Durham Glasgow Train
Find the information you need to book a train ticket on the Durham to Glasgow line between England and Scotland here.
At direct rail you’ll find all UK train services with all of the train operators featured on the national rail network which means you are almost certain to find the ideal ticket on the line from Durham to Glasgow.
Fare types can sometimes come across a bit confusing but fear not, we make it simple for you to view the best ticket type for the journey between Durham and Glasgow.
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The city of Durham's old commercial area included the peninsular on three sides, following the River Wear. The peninsular was surrounded by the castle wall which ran from the castle keep and included two gatehouses on the north side and the west side of the enclosure. The Victorians removed the city wall but retained the gatehouse which still remains standing on the Bailey.
Durham's medieval city comprised the cathedral, castle and administrative buildings on the peninsular. The area around the North Road part of the city underwent a transformation during the 1960's which was championed by Durham City Council. Most of the medieval street plan remains although most of the medieval buildings have disappeared apart from the House of Correction and the Chapel of Saint Andrew which are both under Elvet Bridge.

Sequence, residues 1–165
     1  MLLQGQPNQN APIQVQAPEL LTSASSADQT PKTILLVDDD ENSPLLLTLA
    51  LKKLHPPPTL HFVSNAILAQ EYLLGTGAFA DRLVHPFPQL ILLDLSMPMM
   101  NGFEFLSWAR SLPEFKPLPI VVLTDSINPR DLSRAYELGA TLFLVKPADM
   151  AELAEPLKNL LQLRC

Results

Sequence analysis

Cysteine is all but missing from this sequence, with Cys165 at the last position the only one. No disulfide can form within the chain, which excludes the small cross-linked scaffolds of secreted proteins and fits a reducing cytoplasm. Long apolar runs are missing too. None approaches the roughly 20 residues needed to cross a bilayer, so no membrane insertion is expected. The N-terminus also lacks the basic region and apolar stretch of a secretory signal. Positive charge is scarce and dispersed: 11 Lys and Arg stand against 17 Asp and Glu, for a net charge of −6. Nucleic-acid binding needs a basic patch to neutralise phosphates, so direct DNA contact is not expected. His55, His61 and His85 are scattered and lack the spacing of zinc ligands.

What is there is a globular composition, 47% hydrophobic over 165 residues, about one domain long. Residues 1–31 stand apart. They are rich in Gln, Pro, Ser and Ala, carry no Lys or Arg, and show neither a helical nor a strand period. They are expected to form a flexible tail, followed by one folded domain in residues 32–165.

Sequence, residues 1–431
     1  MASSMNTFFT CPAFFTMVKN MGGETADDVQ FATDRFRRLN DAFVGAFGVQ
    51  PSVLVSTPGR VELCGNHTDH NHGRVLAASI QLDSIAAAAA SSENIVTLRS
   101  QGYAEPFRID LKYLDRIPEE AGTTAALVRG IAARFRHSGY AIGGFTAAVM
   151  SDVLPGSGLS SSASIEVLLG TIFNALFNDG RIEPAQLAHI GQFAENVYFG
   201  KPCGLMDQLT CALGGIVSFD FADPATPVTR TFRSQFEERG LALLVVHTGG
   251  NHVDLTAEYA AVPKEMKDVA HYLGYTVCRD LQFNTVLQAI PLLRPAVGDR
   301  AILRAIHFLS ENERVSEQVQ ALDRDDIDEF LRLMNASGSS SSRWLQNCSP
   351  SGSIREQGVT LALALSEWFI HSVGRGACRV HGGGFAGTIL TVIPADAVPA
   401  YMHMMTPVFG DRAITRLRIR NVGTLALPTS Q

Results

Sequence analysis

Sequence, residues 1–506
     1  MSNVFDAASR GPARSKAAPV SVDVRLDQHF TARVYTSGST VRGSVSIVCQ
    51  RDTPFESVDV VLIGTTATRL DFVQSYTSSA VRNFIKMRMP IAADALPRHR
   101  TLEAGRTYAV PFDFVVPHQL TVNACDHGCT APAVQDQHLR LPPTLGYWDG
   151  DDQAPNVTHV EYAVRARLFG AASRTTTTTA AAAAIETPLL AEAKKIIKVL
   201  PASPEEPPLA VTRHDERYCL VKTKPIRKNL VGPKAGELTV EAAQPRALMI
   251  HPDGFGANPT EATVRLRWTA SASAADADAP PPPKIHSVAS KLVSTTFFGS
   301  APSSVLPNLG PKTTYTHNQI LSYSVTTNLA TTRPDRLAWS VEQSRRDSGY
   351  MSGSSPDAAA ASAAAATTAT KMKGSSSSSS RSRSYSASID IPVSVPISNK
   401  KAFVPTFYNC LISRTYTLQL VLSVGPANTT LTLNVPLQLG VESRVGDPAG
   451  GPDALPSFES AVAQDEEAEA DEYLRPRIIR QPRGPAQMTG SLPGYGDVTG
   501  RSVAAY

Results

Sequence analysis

The River Wear provides around 1800 m of river that can be rowed on, stretching from Old Durham Beck in the east to the weir next to Durham School Boat Club's boat house in the west. This includes the 700 m straight used for most of the Durham Regatta races and some challenging navigation through the arches of Elvet Bridge, reputed to be the narrowest row through bridge in Europe, and the bends of the river round the peninsula.
Glasgow is Scotland's largest city and has a growing reputation for its culture, style and the friendliness of its people. The city offers a mix of museums, galleries, stunning architecture, amazing shopping and a wide range of restaurants and bars. The city enjoys a year-round buzz with an arts scene that regularly produces cutting-edge productions and attracts high-profile exhibitions that led to the city being crowned European City of Culture in 1990. Glasgow was also the United Kingdom's City of Architecture and Design in 1999 and its architecture is an attraction in itself. The city centre has countless impressive Victorian structures and then there are the unique masterpieces of one of the city's most celebrated sons, the legendary architect and designer Charles Rennie Mackintosh. Beyond the city you will find many special outdoor spaces, but you can also find an extraordinary variety of parks and gardens. One of Glasgow’s best-loved parks, Kelvingrove, enjoys a fine setting on the banks of the River Kelvin and defines the centre of the city’s bohemian West End. Glasgow Green is the city’s oldest park and its history can be traced back to 1450. Queen’s Park in Glasgow offers stunning views on a clear day out to the Campsie Fells and Ben Lomond. It was also the site of the 16th century Battle of Langside.